Types of School in the UK: Which is Best For Your Child?


  1. How many types of school are there in the UK?
  2. What are the different types of school in the UK?
  3. Independent schools
  4. Boarding schools
  5. Forest schools
  6. Waldorf schools
  7. Sudbury schools
  8. Academies
  9. Schools for talented and gifted
  10. Montessori schools
  11. Grammar schools
  12. Private schools
  13. Which type of school to choose for your child


Whether your child is about to start school for the first time or are deciding which secondary school to send your child to, you have some tough choices to make as a parent. For some of you, it will be easier due to location and other factors, and for others, the choice may seem overwhelming to start. We’re going to help you out by breaking down the different types of school systems in the UK so you can make an informed decision.montessori classroom

How many types of school are there in the UK?


There are 10 main types of school systems in the UK. Some of them have similar approaches to teaching while others vary wildly. There are paid options and also free schools. 

It’s great that there is so much variety because all kids learn differently and there is no one right answer or one-size-fits-all when it comes to education. You, as the parent, get to choose which types of school would benefit your child over others. 🥰

The reason there are different types of schools and learning methods being run across the UK is the way the education system is set up. Leaders in Scotland, Northern Ireland, and Wales can make their own rules rather than following the same as England. 

Even within the same countries, you will see a wide range of choices available in terms of schooling for both fee-paying and free options. Let’s see what the schools are and what each of them offers. 


What are the different types of school in the UK?


The 10 main types of school in the UK are:

A common misconception is that independent and private schools are the same types of school in the UK. While they share many similarities, Independent schools are always overseen by a board of governors or trustees. Independent schools require tuition fees to be paid by parents as they are not funded by the state. 

There are distinct categories of Independent schools, including:

  • Pre-Preparatory and Preparatory School
  • Senior School And Sixth Form 
  • Curriculum Oriented 
  • Faith Schools

The main benefits of attending an Independent school are:

  • Customised learning
  • To boost digital skills
  • High-quality extracurricular infrastructure 
  • Better qualified teachers 
  • Higher university acceptance rate

    Boarding schools 

Boarding schools are said to be a British invention and have been in place since the middle ages. These days, boarding schools in the UK are also known as residential schools, where students live and study throughout the school year. You can find boarding schools for kids from the ages of four to 18.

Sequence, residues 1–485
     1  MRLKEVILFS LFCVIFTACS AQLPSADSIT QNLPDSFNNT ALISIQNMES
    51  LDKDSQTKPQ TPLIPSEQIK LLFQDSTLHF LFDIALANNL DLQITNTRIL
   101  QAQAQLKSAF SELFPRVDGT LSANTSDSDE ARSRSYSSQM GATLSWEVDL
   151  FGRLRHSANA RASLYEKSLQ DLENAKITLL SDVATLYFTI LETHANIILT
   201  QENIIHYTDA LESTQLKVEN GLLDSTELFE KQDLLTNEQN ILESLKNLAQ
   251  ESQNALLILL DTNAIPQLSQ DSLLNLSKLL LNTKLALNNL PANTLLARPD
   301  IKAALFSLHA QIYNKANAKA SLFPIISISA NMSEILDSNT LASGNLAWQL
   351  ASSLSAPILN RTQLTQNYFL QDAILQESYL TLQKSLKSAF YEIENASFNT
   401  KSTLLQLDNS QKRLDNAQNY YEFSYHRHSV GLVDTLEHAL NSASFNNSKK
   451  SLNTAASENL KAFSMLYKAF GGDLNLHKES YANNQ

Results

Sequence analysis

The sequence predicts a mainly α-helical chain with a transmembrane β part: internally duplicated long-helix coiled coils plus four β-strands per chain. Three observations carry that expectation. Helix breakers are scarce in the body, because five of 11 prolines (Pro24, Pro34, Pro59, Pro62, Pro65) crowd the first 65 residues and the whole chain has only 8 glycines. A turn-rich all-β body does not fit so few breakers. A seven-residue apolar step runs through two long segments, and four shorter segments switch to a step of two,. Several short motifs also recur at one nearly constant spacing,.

Obviously, boarding school fees are going to be higher since kids get accommodation, food, activities, and their education included. There are plenty of pros and cons when it comes to boarding school and ultimately it will come down to your situation as a family and whether you think this option could be a good fit for your child. 

Forest schools

Forest schools offer an alternative way of learning that is largely focused on the outdoors. They follow six principles:

  1. Being a long-term process of regular sessions
  2. Learning occurs in a woodland or natural environment
  3. Using learner-centred processes
  4. Promoting holistic development of everyone involved
  5. Offering the opportunity to take supported risks
  6. Are run by qualified Forest school practitioners Waldorf schools

Waldorf Schools

Waldorf schools are also known as Steiner schools because they are based on the teachings of Rudolf Steiner. Waldorf schools are the most popular types of schools using an independent educational structure and growing fast. 

The Waldorf educational system focuses on three developmental stages:

  1. First stage - sensory-rich, play-based activities (for children up until the age of seven)
  2. Second stage - artistic expression and social skills are promoted (for children aged seven to 14)
  3. Third stage - students are given much more independence and expected to think more critically (for students aged 14-21)Sudbury schools

Of all the types of school, a Sudbury school places the strongest emphasis on student-focused learning. There is no set syllabus and students are expected to learn through experience rather than coursework and are responsible for their own time. Sudbury schools are run as a democracy where students and staff are equals. 

These schools require that students are self-motivated and children are free to study what they find interesting. Another big difference compared to regular schooling is that students aren’t separated into age groups so they can mingle and learn with kids older and younger than themselves.